What are Conservatories?
What are conservatories? Conservatories are glazed structures that feature a glass roof and/or glass walls. These structures can be attached to existing construction or be manufactured as standalone units.
Modern greenhouses and conservatories are visually similar, but differ in function. While conservatories can house and even propagate plants, their primary function is the creation of additional living space. Conservatories serve as seating areas, dining rooms, living rooms, kitchen extensions, and pool houses; the possibilities are endless.
Sunrooms and conservatories are functionally very similar, but are differentiated by the level of stylistic decor present in the structures design. Conservatories by nature are highly decorative, featuring window grids, finials, crown molding, Palladian arches, ridge cresting and other decorative elements.
The History of Conservatories
Conservatories originated in the 16th century as a way to preserve citrus and other plants brought back by explorers to Europe. Citrus fruit was generally brought to Europe from the Mediterranean or other tropical areas, so conservatories were used to protect them from the colder European climates. In Italy, simple pergolas or “limonaia” were constructed over potted plants. In England, the structures were commonly known as an orangery (because of the fruit grown in them). Orangeries were historically constructed from wood, brick, or stone with tall vertical windows on the south side.
Advances in technology ushered in the golden age of conservatory construction in the 19th century. In England, many magnificent conservatories were constructed of iron and glass. The advent of World War two saw a halt of wide spread conservatory construction and a uptick in the construction of simple sunroom additions.
As advances in aluminum and glazing began to find their way to market, the demand for decorative conservatories grew once again. Manufacturers like Solar Innovations, Inc. are now able to provide conservatories with a classic, Victorian aesthetic, while utilizing thermally broken aluminum framing and energy efficient double or triple pain glass.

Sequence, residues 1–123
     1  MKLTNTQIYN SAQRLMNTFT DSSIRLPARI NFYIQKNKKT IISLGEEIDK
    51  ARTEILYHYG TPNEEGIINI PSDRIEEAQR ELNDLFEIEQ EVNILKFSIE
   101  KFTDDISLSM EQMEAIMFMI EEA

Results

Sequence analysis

The Benefits of a Conservatory
Dual Use – Conservatories can act as multi-purpose rooms. Not only can a dinning or sitting room be staged in a conservatory, but the room can be filled with plants that will thrive due to the high level of natural light the space receives.
Extended Living Space – The addition of a conservatory to existing construction can provide valuable square footage. The structure can be utilized as a dining room, living room, office, or as additional entertaining space.
Health Benefits – Exposure to natural sunlight has been shown to positively affect the mood and mental state of occupants. Sunlight also contains Vitamin D, which can be absorbed more easily when in a glazed structure, do the increased exposure to sunlight.
Aesthetic Value – Decorative conservatories are frequently designed to be the focal point of architecture. The use of decorative elements allows the structures to exhibit a classic English style, which can be designed to seamlessly match existing historic structures.